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2 of 2 people found the following review helpful
5.0 out of 5 stars `Australia's first bushranger was as black as pitch. He was not Aboriginal, as some might suppose.', 21 Sept. 2011
This review is from: Black Founders: The Unknown History of Australia's First Black Settlers (Paperback)
In 1788, when the First Fleet arrived in Australia, eleven of the convicts were black. A twelfth man, William Blue, was transported a few years later. Who were these men? And how did they come to be transported to Australia from Britain when each of them was living in America during the American War of Independence?

It seems likely that these were all African-American men who fought for the British during the American War of Independence and then either left direct for England, or moved to England via Nova Scotia. In an attempt to derail the revolutionary movement, Lord Dunmore (the British Governor in Virginia), opportunistically offered freedom to `all indented servants, Negroes or others that are able and willing to bear arms'. The declaration was dated 7 November 1775. As a consequence, hundreds of black men joined Dunmore's newly created `Ethiopian Regiment' to fight against their masters. The fate of many of these men was bitter: small pox decimated the regiment, and Britain's defeat left thousands of slaves to the mercy of their former owners. As the British fleet prepared for evacuation, freed black people scrambled for a place on the last ships to leave New York. Those who obtained a berth, and thus were recorded in `The Book of Negroes', discovered a new world of problems in London. Unemployment was high, few of the men had marketable skills and many sank into destitution. Inevitably, some of them fell foul of the law, were convicted of various crimes and sentenced to transportation. Their destination was to be the new penal colony of New South Wales.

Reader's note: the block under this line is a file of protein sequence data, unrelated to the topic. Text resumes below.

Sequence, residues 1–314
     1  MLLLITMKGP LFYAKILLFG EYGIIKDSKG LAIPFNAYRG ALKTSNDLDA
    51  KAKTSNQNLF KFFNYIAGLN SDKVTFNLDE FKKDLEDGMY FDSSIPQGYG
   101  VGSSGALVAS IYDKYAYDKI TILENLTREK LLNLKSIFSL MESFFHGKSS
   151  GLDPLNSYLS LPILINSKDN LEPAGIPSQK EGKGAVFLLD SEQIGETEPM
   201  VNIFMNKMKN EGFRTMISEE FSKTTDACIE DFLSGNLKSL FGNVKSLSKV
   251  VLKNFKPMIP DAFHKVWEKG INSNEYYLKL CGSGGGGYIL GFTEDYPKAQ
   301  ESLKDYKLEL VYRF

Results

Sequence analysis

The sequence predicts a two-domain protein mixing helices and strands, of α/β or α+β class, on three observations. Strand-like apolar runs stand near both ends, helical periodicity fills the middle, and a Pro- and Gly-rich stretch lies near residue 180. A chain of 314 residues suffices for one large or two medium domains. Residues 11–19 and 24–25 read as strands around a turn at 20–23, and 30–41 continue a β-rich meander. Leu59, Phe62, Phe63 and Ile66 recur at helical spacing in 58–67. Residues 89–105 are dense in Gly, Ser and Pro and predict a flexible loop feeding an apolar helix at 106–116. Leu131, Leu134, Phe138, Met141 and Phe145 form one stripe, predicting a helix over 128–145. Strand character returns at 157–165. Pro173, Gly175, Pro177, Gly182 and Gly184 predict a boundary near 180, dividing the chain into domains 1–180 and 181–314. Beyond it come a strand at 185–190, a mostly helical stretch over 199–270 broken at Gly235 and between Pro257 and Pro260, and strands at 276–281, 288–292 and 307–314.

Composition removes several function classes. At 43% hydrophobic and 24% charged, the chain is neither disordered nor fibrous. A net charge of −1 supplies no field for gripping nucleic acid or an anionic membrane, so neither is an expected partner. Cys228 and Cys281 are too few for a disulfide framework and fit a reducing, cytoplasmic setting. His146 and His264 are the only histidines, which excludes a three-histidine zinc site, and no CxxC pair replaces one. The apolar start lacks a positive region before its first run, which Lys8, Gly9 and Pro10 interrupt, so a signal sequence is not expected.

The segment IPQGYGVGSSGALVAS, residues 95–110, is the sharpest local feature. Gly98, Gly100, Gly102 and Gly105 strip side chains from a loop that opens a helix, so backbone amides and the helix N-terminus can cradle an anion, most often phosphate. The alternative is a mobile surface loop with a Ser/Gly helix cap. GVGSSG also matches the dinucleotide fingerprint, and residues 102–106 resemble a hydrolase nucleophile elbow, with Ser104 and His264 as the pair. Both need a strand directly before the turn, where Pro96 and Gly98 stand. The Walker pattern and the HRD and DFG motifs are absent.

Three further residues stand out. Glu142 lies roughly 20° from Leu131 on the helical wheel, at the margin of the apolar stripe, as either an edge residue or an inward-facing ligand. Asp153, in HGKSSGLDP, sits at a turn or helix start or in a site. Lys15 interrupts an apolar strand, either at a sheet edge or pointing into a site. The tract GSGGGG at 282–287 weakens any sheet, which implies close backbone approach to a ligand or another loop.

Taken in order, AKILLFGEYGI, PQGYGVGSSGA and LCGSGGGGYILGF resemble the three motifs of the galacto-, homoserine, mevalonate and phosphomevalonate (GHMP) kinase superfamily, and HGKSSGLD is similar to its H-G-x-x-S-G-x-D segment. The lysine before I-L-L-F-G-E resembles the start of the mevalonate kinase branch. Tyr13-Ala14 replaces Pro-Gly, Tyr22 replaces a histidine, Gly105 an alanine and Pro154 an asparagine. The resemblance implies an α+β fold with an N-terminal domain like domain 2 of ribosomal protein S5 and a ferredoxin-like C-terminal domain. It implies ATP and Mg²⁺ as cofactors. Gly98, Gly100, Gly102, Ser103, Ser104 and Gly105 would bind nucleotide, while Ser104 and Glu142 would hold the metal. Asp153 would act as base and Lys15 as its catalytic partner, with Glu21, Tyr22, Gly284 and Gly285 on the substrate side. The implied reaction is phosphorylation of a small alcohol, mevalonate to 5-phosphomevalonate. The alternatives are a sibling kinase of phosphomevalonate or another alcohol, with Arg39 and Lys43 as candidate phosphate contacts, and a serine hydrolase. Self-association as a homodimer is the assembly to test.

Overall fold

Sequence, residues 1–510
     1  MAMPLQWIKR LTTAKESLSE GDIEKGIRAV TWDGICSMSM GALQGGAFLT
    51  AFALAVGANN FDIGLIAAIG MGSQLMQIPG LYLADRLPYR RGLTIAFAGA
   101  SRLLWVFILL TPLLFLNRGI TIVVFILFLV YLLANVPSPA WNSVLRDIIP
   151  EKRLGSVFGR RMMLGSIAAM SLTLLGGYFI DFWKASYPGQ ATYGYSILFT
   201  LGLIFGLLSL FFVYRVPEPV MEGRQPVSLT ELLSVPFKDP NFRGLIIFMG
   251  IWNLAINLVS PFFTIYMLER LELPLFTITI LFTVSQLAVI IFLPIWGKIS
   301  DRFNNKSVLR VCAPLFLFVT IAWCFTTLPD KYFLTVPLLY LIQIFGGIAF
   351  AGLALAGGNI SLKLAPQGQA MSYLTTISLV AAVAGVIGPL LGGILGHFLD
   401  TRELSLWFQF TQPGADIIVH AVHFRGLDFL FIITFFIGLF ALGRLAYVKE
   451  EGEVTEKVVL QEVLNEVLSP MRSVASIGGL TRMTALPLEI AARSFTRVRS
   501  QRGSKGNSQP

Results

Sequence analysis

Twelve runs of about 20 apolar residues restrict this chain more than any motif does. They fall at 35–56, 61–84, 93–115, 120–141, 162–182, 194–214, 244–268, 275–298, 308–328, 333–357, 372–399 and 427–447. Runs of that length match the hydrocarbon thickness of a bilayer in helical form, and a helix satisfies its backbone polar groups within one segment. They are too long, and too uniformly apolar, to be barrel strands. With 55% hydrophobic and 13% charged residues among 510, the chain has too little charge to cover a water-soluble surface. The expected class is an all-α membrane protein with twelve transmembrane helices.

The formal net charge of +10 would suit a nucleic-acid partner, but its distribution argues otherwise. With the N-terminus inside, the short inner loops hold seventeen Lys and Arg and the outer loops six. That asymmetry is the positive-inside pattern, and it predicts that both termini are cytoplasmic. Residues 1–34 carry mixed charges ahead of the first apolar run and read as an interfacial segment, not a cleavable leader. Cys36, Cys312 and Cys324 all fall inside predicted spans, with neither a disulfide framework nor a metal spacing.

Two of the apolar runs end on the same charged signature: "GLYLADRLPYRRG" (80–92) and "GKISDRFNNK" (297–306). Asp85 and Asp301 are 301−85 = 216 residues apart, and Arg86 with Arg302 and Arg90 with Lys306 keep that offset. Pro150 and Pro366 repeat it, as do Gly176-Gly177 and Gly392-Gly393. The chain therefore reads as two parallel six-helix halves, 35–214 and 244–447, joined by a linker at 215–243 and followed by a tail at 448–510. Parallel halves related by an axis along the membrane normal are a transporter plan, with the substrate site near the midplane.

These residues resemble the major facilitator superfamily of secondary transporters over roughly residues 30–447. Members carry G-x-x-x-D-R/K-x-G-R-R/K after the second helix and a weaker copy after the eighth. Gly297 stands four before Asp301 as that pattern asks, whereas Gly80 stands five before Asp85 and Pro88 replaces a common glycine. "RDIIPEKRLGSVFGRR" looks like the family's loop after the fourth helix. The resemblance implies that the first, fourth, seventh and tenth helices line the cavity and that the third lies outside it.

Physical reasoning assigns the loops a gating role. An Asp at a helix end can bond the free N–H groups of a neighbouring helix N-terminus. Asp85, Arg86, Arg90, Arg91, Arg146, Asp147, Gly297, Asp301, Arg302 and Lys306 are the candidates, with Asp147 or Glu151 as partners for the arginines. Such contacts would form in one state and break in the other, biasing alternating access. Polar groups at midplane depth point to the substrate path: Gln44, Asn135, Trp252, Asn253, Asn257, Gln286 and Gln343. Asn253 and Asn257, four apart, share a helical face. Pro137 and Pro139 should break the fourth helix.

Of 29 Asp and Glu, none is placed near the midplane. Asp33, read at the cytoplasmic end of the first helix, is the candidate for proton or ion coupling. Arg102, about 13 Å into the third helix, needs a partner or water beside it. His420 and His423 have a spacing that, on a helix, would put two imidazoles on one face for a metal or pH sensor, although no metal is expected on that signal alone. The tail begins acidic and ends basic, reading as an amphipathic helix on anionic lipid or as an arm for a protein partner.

Cassandra Pybus undertook research in Australia, Canada the United Kingdom and the United States in order to write this book. She argues that `the tendency to read late nineteenth and twentieth century racial assumptions into early colonial Australia is almost universal among historians and social commentators, regardless of what side of the history wars they fight'. And what does this mean for our sense of identity in colonial times and beyond? There never was a `White Australia' either before Federation or after.

Only two of the twelve men are likely to familiar to some Australians: the ferryman William (Billy) Blue, whose likeness hangs in the Mitchell Library in Sydney, and the bushranger known as Black Caesar. Another of the men, John `Black Jack' Williams, became a Kangaroo Island sealer. Less is known about the other nine men.

Working from fragmentary sources, Cassandra Pybus has reconstructed at least parts of the lives of these twelve men, and provides a different view of Australia's early years.
I found this book fascinating. I understand - in general terms - the proximity of the American War of Independence to the establishment of a penal colony in New South Wales but not the specific series of events that resulted in these men being transported to Australia.

Jennifer Cameron-Smith
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Initial post: 21 Sep 2011 11:42:29 BDT
Jenny, this sounds really fascinating. It will interest me no end.l liked the Book of Negroes and can see it also reminds me of the Grenville books. Thanks, Friederike
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